There are also differences between WOSB and WBE certifications (see below).

What are the benefits of registering as a woman-owned business?

Many companies, corporations, organizations and government agencies have what they call "supplier diversity goals." This means that they aim to do business with a well-rounded list of businesses so that minority and women-owned businesses can be successful, too. At the federal level (and sometimes at the state and local levels, too), the government aims to award 5% of the value of all its contracts to women-owned businesses.
In order to reap these benefits, however, you have to be certified as a woman-owned small business. 

How do I register as a woman-owned small business?

Wondering, 'How do I get certified as a minority owned business?' Here's what you need to know in order to register and get your certification as a woman-owned small business. Follow these three simple steps.

1. Decide on a certification.

The Small Business Administration certifies women-owned small businesses and economically disadvantaged women-owned small businesses so these businesses can be recognized as such when they bid for government contracts.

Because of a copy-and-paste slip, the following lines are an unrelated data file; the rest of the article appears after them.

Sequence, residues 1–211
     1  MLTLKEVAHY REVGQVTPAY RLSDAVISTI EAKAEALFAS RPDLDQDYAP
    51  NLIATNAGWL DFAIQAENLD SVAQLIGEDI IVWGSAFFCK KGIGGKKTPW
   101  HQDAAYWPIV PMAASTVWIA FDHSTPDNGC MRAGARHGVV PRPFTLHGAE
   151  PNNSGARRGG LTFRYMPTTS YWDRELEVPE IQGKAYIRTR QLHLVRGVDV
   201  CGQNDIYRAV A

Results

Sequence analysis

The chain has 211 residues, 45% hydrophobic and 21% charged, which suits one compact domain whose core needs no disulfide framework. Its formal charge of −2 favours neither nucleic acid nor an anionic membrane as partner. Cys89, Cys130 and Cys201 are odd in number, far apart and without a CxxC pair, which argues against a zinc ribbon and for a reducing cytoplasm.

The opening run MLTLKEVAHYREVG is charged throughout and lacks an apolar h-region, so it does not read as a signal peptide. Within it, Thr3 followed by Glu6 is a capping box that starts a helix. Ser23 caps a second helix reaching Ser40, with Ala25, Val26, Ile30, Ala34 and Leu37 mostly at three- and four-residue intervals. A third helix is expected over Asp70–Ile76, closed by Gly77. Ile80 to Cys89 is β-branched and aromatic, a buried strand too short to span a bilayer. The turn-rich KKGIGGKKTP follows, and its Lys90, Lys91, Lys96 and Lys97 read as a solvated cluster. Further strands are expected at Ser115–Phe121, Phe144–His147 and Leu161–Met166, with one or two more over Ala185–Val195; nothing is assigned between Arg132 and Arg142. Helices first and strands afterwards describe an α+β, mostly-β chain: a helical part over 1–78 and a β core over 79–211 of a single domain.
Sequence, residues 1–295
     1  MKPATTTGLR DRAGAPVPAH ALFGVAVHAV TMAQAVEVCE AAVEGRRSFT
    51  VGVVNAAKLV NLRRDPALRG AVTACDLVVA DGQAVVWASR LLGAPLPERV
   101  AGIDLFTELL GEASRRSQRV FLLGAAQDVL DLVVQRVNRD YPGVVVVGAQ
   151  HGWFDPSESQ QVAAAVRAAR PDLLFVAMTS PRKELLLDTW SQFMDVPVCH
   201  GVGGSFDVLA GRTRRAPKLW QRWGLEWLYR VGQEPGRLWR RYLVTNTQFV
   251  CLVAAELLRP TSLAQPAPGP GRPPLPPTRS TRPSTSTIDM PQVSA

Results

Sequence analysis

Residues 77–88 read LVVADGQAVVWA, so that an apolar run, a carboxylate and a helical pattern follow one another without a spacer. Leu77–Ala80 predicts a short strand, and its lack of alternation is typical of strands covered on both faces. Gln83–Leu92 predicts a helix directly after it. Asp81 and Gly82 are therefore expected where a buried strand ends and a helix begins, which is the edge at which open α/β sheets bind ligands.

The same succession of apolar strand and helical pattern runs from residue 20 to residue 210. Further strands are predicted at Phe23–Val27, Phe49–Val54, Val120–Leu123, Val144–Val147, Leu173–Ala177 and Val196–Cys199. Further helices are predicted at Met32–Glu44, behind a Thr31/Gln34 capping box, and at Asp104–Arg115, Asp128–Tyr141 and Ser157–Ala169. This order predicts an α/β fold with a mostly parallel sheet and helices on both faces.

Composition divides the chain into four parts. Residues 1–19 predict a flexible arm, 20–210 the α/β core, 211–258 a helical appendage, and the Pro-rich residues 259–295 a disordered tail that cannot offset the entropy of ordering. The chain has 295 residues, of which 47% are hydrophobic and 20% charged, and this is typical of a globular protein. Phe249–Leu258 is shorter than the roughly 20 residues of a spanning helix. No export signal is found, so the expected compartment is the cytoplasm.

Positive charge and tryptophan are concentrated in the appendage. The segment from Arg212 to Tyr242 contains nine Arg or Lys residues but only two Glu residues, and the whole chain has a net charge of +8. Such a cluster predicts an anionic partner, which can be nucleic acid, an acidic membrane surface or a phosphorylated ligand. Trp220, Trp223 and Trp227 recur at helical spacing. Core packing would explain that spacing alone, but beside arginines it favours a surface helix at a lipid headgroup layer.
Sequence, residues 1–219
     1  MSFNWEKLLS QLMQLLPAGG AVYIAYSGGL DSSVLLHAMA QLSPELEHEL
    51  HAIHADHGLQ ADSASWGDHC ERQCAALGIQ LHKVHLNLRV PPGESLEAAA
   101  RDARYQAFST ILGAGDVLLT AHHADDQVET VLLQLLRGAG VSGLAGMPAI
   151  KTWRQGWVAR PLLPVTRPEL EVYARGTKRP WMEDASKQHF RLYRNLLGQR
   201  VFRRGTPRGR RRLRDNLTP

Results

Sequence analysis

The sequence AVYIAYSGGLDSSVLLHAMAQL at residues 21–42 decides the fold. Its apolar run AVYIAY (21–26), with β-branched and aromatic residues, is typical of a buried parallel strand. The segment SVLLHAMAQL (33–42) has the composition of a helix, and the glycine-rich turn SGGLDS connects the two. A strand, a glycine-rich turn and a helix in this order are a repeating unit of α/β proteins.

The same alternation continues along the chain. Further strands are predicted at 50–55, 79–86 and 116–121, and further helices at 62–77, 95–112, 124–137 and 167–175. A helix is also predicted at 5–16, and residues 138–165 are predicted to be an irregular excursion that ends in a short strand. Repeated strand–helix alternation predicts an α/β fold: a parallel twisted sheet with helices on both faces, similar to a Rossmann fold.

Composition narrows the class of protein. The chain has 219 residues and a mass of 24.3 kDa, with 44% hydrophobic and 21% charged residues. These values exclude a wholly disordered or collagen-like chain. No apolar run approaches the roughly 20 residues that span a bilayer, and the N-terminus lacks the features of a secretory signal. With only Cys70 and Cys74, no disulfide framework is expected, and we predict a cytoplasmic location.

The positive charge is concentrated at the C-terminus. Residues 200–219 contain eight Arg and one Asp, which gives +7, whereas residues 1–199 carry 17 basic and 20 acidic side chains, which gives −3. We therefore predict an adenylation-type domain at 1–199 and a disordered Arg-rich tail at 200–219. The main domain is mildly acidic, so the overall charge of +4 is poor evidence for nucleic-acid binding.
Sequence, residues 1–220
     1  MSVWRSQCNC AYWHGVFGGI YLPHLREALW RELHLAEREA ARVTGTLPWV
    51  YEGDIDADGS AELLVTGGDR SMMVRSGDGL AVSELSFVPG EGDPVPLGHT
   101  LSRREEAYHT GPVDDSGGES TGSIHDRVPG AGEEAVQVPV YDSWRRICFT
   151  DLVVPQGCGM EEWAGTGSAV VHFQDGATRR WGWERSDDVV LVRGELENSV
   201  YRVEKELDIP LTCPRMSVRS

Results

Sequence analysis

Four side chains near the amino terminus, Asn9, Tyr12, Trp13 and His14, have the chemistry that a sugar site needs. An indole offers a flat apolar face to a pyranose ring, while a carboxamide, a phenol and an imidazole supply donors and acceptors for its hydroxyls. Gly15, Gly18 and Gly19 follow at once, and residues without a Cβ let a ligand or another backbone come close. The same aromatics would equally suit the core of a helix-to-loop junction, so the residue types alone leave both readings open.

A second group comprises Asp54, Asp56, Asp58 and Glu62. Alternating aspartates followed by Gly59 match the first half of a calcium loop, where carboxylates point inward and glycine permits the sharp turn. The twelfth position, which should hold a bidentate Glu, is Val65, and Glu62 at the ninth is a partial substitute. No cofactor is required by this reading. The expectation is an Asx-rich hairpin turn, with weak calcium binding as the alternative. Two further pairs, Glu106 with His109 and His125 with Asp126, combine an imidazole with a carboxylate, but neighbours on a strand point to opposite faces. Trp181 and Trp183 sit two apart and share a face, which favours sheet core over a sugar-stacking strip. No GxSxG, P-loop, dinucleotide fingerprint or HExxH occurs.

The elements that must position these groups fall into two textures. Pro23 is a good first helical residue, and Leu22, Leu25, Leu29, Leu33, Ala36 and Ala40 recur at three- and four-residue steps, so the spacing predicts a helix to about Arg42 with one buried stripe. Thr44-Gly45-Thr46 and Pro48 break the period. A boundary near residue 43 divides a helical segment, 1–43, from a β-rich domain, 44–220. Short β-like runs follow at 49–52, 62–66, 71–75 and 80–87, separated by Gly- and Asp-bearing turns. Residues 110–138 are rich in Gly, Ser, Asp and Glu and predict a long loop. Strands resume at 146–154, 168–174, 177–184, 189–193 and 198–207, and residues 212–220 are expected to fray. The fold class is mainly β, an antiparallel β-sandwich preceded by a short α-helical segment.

There are also two main players for getting certified for the private sector: The National Women Business Owners Corporation (NWBOC) and the Women's Business Enterprice National Council (WBENC). They both offer a women's business enterprise (WBE) certification, in addition to the aforementioned women-owned small business (WOSB) certification. Again, the WBE will be accepted by most private companies and some municipalities, but the WOSB is required for federal programs.

2. Apply for your certification.